Revealing the bitter medicine no one wants to take

Wednesday, February 01, 2012

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Nobody knows the troubles I've seen

— from the famous American Negro spiritual

THIS would be a suitable opening statement for the press conference following the coming Cabinet retreat (unfortunate wording for a planning meeting). The People's National Party (PNP) may now be sobering up after their victory in the December 29 general election as the full effect of the current state of affairs hits them.

Things are much worse than one can imagine while in Opposition, and Drs Peter Phillips and Omar Davies, in particular, will be gnashing their teeth as more and more they take stock of their portfolios and find the proverbial cupboard empty. The medicine that the Jamaica Labour Party (JLP) warned about on the campaign trail is about to be revealed.

Dr Davies will find that what money has not already been spent has been committed by contract, and these either cannot be repudiated or would be costly to extricate from or re-negotiate. The new minister will find that there is little "gas" to put in the "JEEP" while being struck with a massive bill for the importation of buses. There are claims that both incompetence and corruption are involved. If there is corruption, this issue cannot remain as a political football with allegations being exchanged. It must be definitively settled on the basis of facts.

Dr Phillips finds himself with a massive budget deficit and a crushing level of debt; the servicing of which deprives of any capacity to stimulate the economy. The JLP administration presided over a broken International Monetary Fund (IMF) agreement.

After unprecedented support from the international financial institutions over the last three years, Jamaica has a much larger debt portfolio and only two quarters of economic growth of one per cent.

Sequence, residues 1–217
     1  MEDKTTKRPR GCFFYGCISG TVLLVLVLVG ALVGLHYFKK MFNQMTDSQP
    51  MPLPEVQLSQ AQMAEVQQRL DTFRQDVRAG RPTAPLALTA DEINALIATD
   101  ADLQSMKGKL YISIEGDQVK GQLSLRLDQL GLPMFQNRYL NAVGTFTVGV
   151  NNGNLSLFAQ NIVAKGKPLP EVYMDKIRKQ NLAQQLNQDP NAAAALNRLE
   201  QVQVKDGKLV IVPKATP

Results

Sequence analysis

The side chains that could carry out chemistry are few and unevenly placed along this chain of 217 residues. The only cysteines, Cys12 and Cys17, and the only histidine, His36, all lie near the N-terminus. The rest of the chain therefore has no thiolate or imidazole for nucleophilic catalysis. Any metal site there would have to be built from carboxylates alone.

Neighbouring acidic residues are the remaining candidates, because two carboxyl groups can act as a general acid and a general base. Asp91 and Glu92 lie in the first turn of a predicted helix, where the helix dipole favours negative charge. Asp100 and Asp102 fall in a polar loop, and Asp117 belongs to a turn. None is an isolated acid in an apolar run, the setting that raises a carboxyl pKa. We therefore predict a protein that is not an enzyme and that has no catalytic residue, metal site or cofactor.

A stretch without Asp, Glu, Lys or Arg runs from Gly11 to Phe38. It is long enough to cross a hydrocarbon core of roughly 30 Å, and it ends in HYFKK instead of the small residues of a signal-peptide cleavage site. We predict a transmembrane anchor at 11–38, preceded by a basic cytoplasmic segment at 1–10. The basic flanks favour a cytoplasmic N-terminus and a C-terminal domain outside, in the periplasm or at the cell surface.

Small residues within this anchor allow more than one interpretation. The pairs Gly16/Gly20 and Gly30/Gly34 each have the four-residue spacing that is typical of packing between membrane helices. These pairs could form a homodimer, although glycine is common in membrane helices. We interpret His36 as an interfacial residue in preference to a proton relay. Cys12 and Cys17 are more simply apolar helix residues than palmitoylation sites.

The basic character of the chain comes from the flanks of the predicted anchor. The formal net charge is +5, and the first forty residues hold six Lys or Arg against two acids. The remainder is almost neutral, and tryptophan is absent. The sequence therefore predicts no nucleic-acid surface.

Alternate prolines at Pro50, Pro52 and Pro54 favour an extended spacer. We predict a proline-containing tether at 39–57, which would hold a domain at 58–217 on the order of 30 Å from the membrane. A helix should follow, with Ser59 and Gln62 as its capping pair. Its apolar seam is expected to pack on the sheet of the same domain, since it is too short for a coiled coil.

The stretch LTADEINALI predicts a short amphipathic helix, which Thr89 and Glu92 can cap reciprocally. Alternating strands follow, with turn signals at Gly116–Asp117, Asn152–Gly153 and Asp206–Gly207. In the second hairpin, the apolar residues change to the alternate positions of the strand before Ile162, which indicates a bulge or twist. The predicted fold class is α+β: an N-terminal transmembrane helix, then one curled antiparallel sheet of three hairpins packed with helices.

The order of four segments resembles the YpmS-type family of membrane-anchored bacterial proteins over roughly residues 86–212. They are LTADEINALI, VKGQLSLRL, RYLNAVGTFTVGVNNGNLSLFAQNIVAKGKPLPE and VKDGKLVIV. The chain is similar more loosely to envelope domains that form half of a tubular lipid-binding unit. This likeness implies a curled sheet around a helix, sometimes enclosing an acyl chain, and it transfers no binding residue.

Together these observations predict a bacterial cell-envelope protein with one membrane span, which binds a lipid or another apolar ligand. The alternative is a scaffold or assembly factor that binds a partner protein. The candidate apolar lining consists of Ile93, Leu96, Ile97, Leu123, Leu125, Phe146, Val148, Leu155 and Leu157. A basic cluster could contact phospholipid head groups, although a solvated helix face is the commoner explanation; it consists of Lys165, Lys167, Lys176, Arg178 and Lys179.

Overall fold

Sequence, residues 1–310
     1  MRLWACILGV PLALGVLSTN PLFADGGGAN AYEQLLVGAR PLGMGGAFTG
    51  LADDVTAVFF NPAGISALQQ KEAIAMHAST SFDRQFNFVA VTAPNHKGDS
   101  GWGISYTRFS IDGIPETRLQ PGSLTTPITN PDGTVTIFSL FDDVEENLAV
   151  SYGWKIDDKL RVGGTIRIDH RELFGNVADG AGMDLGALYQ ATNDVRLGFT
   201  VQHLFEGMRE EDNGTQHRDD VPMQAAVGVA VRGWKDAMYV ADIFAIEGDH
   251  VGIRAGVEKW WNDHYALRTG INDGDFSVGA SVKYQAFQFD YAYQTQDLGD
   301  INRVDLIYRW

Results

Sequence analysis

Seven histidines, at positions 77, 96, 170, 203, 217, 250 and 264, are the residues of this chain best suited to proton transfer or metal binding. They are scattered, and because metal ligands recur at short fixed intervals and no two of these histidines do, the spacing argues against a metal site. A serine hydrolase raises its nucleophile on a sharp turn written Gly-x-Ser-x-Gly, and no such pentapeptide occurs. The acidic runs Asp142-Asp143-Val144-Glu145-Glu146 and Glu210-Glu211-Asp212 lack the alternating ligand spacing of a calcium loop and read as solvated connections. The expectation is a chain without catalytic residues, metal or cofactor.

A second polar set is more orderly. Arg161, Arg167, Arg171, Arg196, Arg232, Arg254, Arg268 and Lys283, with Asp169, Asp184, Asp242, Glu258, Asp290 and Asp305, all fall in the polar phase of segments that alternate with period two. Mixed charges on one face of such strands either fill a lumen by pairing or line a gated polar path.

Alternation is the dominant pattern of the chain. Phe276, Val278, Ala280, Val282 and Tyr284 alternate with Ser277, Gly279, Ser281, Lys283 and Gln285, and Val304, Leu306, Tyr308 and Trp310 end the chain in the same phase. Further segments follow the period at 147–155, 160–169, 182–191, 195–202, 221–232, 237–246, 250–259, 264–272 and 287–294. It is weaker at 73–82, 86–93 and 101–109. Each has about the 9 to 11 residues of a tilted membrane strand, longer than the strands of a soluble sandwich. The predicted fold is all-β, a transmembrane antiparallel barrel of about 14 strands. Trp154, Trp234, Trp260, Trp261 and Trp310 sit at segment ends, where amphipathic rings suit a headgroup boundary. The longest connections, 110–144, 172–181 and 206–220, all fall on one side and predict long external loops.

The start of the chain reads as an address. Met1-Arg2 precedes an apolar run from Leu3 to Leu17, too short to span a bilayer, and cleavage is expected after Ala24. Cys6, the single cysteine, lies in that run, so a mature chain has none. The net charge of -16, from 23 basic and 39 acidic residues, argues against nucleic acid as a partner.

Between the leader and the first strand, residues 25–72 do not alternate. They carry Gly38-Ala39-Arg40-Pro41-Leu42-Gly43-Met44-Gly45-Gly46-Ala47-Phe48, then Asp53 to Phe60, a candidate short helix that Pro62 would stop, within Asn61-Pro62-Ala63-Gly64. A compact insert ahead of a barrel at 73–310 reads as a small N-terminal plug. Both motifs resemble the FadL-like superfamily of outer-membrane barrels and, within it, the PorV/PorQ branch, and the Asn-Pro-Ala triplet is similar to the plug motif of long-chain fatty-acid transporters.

The new minister and Government will be forced to raise tax revenue, reduce expenditure and reconfigure a supplementary budget and a full budget by May. A new arrangement will have to be negotiated with the IMF by resolving all the very difficult issues relating to public sector wage bill and the size of the public sector, as well as wrap up the tax reform which started when the PNP was in office four years ago.

Dr Phillips will have to bear the "slings and arrows of outrageous fortune", namely what was termed as the misdeeds of his predecessor. He has to reassure the international financial institutions that they must continue their support and provide the bond rating agencies with plausible reasons not to further downgrade Jamaica's credit rating.

After the revelations of the sorrows the Government has seen, all Jamaicans will know. But the American Negro spiritual goes on to say that those who sing this refrain will survive and pass over this tribulation. So too can the Jamaican people.




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